Kitchens are "the rooms that can make or break a new home sale," says Joan McCloskey, senior building editor for Better Homes & Gardens magazine. "The kitchen has also become the "measure of our income' room. We used to show off our luxurious master bath to our friends. Today we show off our kitchens."
There is no one preferred style in kitchens, McCloskey said: Some want a woody look, some prefer a crisp, contemporary style. Some want a kitchen straight out of Tuscany, some want a bistro look. "Some want an express-cook kitchen, meant only for warming up deli take-home; others want a kitchen outfitted with every appliance, large and small, made today."
Buyers want function as well as beauty in their kitchens, McCloskey said: drawers and cabinets outfitted with lazy susans, utensil trays and spice organizers, a capacious pantry.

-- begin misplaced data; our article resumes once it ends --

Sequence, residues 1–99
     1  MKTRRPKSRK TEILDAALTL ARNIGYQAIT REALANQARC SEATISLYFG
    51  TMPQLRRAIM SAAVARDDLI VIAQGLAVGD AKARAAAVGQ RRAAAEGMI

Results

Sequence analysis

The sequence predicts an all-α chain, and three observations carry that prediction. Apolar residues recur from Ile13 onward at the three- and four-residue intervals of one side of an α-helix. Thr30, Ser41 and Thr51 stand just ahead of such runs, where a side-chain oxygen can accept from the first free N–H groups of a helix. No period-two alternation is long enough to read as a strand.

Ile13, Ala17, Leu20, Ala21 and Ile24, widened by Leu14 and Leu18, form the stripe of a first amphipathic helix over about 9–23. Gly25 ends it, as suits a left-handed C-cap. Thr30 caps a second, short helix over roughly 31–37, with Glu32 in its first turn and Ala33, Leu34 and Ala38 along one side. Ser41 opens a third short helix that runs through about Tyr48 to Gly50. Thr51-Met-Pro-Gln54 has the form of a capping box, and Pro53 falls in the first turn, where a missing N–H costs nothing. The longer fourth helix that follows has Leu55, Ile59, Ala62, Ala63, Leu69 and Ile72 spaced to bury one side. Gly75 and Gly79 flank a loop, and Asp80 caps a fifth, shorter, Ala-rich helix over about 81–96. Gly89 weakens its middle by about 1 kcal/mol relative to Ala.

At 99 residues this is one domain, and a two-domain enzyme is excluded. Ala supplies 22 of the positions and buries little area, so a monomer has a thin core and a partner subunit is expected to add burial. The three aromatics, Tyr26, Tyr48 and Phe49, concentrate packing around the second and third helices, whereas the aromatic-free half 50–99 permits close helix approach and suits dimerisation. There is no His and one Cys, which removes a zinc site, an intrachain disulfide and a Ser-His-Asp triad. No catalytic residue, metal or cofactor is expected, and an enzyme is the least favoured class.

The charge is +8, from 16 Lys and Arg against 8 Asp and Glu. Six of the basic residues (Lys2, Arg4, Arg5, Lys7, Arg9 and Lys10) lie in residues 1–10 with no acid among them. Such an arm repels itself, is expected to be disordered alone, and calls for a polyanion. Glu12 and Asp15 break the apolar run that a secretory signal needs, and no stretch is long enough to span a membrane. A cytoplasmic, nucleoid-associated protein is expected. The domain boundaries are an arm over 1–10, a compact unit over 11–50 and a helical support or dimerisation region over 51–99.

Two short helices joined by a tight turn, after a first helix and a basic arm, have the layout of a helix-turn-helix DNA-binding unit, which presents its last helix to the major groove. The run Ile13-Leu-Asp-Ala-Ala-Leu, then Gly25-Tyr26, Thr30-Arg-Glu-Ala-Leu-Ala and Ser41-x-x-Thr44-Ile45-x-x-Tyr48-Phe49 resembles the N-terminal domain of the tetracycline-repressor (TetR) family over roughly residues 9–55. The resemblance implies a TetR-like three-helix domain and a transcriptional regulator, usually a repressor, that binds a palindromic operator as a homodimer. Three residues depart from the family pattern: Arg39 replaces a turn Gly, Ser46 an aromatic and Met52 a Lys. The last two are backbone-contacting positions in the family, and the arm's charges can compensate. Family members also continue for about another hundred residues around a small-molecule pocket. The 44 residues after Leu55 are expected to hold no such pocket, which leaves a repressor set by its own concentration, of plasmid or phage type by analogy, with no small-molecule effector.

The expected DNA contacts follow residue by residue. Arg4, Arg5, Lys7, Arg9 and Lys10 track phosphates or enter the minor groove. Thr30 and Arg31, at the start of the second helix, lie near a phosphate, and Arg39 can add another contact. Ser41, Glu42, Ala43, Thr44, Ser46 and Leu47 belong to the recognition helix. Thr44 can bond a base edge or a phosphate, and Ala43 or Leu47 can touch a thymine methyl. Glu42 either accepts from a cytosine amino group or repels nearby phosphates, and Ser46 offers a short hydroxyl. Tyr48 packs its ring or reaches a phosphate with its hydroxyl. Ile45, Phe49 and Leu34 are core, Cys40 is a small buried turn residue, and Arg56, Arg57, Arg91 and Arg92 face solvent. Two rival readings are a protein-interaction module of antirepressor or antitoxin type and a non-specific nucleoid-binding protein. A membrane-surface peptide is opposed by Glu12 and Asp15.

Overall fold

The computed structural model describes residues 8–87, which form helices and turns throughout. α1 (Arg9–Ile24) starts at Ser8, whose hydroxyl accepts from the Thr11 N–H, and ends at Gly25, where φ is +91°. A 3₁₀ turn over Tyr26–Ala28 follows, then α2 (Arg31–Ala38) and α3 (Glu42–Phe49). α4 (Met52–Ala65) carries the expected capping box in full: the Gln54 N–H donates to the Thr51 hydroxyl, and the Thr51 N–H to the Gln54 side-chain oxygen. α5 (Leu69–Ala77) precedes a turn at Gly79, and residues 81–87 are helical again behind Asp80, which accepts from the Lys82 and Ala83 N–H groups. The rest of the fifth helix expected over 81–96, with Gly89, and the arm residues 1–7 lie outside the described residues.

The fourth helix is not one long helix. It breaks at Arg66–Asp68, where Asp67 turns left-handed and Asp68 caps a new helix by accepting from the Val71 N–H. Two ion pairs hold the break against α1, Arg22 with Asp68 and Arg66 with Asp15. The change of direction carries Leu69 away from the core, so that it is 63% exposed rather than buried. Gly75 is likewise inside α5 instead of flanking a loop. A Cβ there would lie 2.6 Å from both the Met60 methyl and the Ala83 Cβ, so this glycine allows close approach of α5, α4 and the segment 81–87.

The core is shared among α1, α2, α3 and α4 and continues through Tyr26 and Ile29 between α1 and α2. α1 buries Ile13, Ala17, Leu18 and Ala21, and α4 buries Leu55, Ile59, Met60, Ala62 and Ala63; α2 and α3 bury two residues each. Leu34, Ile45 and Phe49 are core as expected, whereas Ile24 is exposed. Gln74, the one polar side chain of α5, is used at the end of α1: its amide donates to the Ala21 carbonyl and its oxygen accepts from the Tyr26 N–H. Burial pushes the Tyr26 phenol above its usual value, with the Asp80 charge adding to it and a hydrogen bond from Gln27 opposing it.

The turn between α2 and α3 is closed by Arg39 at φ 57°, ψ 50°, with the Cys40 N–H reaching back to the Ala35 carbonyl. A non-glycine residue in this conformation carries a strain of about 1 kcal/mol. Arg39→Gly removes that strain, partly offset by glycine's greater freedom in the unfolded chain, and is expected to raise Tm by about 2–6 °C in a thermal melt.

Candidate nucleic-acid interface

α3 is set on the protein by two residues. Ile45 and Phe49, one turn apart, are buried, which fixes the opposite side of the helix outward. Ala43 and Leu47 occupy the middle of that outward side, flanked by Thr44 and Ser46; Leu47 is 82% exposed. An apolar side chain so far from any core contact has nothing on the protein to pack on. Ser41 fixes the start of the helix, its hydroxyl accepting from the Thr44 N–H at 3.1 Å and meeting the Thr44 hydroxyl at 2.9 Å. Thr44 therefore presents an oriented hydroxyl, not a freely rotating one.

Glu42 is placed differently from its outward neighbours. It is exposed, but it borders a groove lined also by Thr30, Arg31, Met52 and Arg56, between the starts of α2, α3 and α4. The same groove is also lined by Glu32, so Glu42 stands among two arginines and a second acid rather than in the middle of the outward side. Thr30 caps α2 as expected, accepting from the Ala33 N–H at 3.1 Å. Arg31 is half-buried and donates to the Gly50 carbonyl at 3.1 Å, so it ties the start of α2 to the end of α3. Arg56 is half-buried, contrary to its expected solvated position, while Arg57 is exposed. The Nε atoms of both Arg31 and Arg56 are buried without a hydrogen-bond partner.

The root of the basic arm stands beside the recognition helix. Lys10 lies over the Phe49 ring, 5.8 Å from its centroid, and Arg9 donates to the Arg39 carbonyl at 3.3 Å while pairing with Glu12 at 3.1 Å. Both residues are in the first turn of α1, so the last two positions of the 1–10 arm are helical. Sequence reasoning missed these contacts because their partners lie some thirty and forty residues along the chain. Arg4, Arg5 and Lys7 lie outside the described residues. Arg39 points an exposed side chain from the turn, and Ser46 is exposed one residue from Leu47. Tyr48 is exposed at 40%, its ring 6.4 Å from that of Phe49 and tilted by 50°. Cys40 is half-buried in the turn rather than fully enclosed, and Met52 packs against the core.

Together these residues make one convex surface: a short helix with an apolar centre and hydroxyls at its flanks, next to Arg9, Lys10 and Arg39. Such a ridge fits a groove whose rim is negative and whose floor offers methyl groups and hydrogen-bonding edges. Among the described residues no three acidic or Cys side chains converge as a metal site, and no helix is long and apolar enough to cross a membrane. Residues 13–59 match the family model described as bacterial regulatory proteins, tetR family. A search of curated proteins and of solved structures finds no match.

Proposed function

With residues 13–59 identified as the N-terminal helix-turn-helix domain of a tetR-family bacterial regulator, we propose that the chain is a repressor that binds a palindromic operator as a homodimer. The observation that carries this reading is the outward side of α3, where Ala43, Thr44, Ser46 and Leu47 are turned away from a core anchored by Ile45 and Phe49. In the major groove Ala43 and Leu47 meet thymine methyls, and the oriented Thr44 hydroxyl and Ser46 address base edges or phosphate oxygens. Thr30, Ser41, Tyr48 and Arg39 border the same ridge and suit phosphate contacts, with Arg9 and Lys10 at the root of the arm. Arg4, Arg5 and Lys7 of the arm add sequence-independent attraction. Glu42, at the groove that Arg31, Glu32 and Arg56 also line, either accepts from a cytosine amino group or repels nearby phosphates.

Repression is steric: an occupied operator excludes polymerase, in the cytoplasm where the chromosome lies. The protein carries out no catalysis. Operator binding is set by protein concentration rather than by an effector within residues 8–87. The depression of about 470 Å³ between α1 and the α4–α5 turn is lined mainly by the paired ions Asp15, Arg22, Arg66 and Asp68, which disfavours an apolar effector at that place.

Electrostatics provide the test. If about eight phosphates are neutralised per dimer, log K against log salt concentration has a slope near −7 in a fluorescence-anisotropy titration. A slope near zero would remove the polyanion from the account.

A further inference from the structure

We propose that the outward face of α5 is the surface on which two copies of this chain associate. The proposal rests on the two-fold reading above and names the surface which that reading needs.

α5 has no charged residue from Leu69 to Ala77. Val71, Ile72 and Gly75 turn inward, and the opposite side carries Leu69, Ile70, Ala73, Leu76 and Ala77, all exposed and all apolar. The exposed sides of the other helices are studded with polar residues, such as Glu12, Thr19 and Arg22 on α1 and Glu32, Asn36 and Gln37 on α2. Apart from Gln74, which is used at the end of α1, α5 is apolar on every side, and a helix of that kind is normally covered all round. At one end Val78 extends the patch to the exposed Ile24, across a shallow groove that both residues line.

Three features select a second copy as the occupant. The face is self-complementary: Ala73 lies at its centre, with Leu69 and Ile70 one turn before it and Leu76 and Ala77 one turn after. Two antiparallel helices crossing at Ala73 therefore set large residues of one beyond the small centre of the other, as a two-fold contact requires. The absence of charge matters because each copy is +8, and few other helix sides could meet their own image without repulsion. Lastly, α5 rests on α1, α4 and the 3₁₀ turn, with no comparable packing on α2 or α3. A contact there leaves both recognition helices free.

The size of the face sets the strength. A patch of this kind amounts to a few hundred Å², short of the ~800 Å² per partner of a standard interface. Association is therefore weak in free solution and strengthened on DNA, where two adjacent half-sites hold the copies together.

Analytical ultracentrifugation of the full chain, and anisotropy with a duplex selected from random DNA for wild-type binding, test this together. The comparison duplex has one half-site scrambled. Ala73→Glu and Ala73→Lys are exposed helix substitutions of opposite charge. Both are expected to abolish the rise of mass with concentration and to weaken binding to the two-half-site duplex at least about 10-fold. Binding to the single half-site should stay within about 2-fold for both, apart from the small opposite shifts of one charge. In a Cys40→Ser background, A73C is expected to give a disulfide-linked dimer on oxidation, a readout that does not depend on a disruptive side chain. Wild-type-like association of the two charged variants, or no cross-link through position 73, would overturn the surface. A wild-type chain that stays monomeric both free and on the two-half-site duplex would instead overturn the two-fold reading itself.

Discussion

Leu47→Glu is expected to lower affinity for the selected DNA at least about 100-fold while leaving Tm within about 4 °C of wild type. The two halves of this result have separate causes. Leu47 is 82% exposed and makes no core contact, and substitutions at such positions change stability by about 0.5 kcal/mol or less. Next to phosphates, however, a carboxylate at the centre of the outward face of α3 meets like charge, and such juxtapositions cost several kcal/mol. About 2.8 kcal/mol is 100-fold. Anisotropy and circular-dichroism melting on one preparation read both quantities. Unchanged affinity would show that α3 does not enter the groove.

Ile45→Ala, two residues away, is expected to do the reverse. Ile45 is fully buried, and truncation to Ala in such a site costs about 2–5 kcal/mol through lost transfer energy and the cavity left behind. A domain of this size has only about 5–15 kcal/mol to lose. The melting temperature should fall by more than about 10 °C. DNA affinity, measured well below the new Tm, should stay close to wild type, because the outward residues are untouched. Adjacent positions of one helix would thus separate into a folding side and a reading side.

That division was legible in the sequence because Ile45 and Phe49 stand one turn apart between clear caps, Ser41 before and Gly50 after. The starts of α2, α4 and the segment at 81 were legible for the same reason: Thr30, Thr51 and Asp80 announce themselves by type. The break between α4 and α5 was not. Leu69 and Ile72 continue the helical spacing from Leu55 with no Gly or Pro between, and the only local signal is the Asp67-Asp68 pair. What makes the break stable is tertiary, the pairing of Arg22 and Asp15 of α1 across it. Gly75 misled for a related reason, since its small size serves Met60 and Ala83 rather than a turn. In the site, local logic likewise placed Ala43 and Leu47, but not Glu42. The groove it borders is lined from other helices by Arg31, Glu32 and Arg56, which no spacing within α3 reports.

Now that granite and stainless steel have trickled down to lower price ranges, the wealthy will be looking for something new. That might be engineered quartz counters such as Silestone or the Zodiaq product from Corian, McCloskey predicted. In appliance finishes, "In two or three years we'll be showing kitchens with a new metallic finish, such as bronze, that will melt into the mellow wood look of many kitchens tomorrow."
Other kitchen predictions offered by McCloskey at the National Association of Home Builders convention last month in Atlanta:
+ Unusual woods for cabinets: ash, beech and alder.
+ Flooring and cabinet doors with inlays.
+ Hand-painted murals and tiles on backsplashes.
+ An end to hardwood floors in kitchens: "Watch for a shift to limestone topped with area rugs to be the latest craze."
+ Islands topped with a different material from other counters.
+ Fireplaces at eye level.